[11 Numerous victims have reported that Soloway - who was the sole owner/operator and employee of his company - routinely hung up if they telephoned to object or complain. Soloway would stay on the phone if the customer was placing an order for service or product.]
Count 20: T.C. will testify that in September, 2005, he began receiving spam at several domain names and e-mail addresses that he owned, including an “individually identifiable” e-mail address that consisted of his first and last name, at
The e-mail addresses and domain names of R.M, T.C. , and all of the other victims named in the aggravated identity theft counts either consist of, or contain their own individual names, or consist of a company name that is unique and either “alone, or in conjunction with . . . other information,” identifies a specific individual. They are thus “means of identification,” as that term is defined for purposes of 18 U.S.C. §1028A. They were “knowingly transferred, possessed or used” by Soloway, “without lawful authority” - forged by Soloway in the headers of spammed messages that were intended to further his wire/mail fraud scheme, and that were sent in violation of two separate provisions of 18 U. S.C. §1037. The victims themselves contacted Soloway to object and to direct him to stop the identity theft, thereby confirming the fact (and his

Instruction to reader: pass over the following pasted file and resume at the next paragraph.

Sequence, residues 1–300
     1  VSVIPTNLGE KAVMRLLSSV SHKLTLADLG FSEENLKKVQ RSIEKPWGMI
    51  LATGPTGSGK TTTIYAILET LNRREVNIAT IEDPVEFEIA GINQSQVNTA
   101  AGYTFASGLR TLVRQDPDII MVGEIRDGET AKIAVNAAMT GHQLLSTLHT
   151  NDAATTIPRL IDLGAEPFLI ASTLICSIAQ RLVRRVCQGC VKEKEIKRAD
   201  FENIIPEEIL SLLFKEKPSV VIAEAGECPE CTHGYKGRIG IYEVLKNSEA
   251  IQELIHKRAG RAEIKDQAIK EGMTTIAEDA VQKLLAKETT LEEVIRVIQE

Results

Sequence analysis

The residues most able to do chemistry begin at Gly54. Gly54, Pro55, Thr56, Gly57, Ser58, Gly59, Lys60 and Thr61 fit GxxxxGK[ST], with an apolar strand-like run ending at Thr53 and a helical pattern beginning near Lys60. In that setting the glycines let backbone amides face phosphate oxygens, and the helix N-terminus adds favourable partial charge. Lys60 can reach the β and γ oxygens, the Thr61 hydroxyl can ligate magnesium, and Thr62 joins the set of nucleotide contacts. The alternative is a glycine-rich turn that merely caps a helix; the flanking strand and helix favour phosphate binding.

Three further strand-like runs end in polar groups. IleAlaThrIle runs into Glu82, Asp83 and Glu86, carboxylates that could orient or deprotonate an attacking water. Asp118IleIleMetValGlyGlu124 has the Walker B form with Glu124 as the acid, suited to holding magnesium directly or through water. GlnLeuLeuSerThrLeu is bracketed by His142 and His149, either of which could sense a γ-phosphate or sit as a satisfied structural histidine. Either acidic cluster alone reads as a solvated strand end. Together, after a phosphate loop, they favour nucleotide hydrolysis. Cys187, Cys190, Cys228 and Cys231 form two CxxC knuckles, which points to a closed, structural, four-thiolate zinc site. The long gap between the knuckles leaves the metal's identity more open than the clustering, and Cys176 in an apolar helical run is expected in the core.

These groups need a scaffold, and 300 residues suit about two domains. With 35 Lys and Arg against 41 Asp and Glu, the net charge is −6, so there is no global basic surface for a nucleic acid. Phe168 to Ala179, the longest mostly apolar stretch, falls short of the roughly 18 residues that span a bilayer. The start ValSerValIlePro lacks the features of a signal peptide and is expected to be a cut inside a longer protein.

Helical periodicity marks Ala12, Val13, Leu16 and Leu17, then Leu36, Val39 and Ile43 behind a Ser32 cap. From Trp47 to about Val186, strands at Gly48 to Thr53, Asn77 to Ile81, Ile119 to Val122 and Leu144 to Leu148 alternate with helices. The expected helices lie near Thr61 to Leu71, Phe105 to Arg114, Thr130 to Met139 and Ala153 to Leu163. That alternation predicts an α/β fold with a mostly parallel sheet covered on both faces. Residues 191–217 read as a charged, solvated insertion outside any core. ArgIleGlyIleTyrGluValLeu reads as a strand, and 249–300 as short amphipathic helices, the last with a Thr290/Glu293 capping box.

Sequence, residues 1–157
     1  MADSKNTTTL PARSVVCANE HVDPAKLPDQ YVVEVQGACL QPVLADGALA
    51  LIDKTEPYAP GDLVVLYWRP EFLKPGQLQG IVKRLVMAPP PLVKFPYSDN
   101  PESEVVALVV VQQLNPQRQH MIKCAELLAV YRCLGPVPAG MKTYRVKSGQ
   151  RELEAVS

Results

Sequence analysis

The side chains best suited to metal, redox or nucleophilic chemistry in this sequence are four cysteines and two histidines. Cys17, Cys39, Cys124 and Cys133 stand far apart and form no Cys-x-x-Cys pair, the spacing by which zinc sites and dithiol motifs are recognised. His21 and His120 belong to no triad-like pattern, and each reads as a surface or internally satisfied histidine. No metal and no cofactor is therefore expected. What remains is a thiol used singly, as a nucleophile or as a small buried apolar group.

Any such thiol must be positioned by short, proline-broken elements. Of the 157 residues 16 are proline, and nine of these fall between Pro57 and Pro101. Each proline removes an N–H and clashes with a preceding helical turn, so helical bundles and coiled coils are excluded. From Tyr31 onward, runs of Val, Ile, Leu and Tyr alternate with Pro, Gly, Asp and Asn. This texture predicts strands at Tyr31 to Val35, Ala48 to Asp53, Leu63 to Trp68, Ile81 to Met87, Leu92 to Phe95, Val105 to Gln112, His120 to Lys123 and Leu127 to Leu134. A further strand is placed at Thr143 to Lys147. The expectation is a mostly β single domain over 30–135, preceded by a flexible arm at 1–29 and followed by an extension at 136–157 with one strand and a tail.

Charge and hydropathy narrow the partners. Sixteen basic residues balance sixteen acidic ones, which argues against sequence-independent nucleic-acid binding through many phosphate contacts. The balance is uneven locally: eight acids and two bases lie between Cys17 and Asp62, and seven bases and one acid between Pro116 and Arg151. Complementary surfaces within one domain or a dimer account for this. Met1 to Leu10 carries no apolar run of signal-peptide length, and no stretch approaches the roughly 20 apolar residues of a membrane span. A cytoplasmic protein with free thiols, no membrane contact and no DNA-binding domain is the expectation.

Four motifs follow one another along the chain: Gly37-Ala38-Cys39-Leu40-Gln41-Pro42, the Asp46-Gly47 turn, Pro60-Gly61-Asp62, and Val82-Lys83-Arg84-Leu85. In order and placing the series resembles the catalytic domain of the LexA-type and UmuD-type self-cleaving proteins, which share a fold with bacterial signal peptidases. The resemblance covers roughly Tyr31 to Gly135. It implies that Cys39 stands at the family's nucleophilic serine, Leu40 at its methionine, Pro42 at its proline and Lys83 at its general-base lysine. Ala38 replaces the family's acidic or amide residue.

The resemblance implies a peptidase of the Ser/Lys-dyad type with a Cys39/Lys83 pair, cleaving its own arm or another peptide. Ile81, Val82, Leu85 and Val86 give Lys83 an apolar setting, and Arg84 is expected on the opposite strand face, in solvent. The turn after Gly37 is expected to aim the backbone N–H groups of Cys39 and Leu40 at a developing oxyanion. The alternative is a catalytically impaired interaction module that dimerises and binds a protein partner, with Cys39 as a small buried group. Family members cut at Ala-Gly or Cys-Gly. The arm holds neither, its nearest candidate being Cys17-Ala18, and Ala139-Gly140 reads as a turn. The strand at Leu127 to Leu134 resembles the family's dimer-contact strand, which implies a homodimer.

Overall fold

[12 As noted by the Defense in their Motion to Dismiss, there is a split among courts as to the mens rea requirement of 18 U.S.C. §1028A, with this Court holding in United States v. Beachem, 399 F. Supp. 2d 1156, 1158 (U.S.D.C. W.D. WA. 2005) that “knowingly, ” as used in §1028A applies to “another person. ” That standard is met in this case, because Soloway was repeatedly notified by the identity theft victims themselves that he was using their identities without their authority, and must stop doing so. Soloway brazenly continued to use their stolen individually identifiable e-mail addresses and domain names even after these objections were made.]